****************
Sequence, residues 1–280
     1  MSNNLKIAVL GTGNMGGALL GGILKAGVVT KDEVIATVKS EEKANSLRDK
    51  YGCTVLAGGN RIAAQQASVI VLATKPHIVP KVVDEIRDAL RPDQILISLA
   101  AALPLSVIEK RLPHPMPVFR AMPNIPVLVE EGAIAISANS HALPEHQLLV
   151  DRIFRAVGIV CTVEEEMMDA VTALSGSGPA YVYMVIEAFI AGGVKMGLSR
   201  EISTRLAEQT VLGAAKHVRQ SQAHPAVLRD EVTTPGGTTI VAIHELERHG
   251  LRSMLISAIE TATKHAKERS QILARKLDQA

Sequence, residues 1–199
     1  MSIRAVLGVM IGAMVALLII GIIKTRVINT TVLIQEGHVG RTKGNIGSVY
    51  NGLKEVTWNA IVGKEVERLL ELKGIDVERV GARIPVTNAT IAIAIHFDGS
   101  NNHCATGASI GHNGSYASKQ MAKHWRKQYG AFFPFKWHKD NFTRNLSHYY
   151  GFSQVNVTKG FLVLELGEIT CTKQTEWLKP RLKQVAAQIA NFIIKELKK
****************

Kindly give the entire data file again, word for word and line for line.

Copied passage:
Sequence, residues 1–280
     1  MSNNLKIAVL GTGNMGGALL GGILKAGVVT KDEVIATVKS EEKANSLRDK
    51  YGCTVLAGGN RIAAQQASVI VLATKPHIVP KVVDEIRDAL RPDQILISLA
   101  AALPLSVIEK RLPHPMPVFR AMPNIPVLVE EGAIAISANS HALPEHQLLV
   151  DRIFRAVGIV CTVEEEMMDA VTALSGSGPA YVYMVIEAFI AGGVKMGLSR
   201  EISTRLAEQT VLGAAKHVRQ SQAHPAVLRD EVTTPGGTTI VAIHELERHG
   251  LRSMLISAIE TATKHAKERS QILARKLDQA

Sequence, residues 1–199
     1  MSIRAVLGVM IGAMVALLII GIIKTRVINT TVLIQEGHVG RTKGNIGSVY
    51  NGLKEVTWNA IVGKEVERLL ELKGIDVERV GARIPVTNAT IAIAIHFDGS
   101  NNHCATGASI GHNGSYASKQ MAKHWRKQYG AFFPFKWHKD NFTRNLSHYY
   151  GFSQVNVTKG FLVLELGEIT CTKQTEWLKP RLKQVAAQIA NFIIKELKK